Why Writing for $3 Per Article Isn't Going to Help Your Freelance Career
This is a throwback from 2011, but I thought my No-Fluffers would enjoy reading it.
In one of my posts I wrote about a content site that pays $3 per article. I got this comment soon after:
Alina, I write for writers domain and I think it's a decent way to learn the ropes of freelance writing and get a little extra cash too. I've also done Textbroker in the past. Neither are the $50/hr jobs that you're looking for, but you're probably a much higher-caliber writer; I'm just getting started. While I definitely would like to get paid more, I also don't want to spend my time weeding through work and not getting paid. Looking for work is still work in my opinion and I only have so much time before my kid wakes up! I find with WD I can make $20-30/hr if I'm focused. Yes, it's only $3.30 per article, but I can do 6-8 an hour. That being said, I am quite a fast typer and not everyone can do that. - Gary Here is my reply to Gary:
I assume that you came to my blog because you were looking for information on becoming a freelance writer. So, I'm going to give you some advice from my 13 years of experience in the writing world and post it here for others to benefit from, as well.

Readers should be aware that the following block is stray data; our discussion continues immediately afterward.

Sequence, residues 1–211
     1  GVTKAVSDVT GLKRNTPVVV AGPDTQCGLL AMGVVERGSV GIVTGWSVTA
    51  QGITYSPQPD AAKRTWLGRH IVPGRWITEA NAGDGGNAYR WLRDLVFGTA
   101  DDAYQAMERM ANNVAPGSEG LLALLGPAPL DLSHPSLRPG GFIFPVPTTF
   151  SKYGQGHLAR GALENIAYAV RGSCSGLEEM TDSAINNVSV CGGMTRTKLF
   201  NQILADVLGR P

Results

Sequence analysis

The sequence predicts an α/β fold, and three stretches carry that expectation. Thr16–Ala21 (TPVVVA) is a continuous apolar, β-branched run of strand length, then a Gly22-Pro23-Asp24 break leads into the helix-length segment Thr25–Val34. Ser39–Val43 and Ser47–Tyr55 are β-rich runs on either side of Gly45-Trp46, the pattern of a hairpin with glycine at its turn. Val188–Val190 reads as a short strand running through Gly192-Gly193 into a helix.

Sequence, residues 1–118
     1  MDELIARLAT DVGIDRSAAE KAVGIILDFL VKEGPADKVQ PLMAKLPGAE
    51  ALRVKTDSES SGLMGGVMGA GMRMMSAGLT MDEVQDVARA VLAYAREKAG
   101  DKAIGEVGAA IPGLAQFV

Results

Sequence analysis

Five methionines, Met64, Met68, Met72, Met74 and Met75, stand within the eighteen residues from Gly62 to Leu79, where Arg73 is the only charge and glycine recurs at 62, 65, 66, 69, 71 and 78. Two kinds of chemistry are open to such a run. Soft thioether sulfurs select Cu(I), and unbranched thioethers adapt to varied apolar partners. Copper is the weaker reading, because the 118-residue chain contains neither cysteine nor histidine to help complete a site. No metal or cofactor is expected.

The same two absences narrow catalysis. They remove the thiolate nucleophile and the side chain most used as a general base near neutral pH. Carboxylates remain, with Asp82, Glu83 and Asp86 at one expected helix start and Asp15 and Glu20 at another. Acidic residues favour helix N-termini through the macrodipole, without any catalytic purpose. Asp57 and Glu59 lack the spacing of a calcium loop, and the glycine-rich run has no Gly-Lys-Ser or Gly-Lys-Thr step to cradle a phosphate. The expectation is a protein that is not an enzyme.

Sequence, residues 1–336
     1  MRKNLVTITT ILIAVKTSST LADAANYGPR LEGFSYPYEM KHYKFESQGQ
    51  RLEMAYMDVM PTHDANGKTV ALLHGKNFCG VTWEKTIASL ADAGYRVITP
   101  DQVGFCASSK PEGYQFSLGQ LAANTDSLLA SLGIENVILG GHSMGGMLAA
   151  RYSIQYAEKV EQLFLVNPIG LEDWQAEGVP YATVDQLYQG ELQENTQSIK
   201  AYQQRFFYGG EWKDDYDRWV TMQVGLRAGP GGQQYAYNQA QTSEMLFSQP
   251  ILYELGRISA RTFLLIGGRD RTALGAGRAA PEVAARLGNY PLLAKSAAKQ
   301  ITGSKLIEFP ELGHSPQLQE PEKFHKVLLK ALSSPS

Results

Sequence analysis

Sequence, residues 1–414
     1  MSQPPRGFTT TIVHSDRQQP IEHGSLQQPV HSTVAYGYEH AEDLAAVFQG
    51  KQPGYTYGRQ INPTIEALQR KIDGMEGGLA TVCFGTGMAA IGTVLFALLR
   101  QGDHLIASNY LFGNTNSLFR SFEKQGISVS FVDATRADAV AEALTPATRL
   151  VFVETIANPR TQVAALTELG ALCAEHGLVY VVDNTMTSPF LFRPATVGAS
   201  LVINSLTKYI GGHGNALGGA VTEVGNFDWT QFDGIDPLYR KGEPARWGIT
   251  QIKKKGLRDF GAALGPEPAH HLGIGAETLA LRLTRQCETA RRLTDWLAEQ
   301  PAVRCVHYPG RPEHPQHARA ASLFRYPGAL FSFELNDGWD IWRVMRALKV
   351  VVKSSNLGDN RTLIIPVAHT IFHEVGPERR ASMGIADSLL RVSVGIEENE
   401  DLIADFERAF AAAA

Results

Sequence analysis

The problem is that sites like these don't really teach you the ropes of how to be a freelance writer. They teach you how to churn out text that attracts search engine clicks. It's not an entryway to higher paying clients down the road. Clips form these sites will more than likely be ignored.
High-paying clients aren't looking for these types of articles. They don't want words off the top of your head as fast as you can type them. They want quotes. They want research. They want people that are experts on niches.
This isn't just my opinion. It is how the world of online content is evolving. Google's Panda updates are putting sites like Writers Domain out of business. In fact, the king of content, Demand Studios, (they have produced content that is much like your WD's for years) has slowed down production to almost nothing because search engines aren't picking it up any more. This means that eventually, you won't have those $3 jobs anymore. Then what? You'll be left with useless clips and no where to go.
I encourage you to work on clips that feature an expertise in some niche for sites or publications that have a better reputation. These jobs aren't that hard to find.
I've been where you are. I understand your thought process because I've thought the same thing in the past. Unfortunately for those looking for a quick buck, that's not how the freelancing writing world works anymore and those days are coming to an end.
Want tips on finding gigs that pay well? Read my book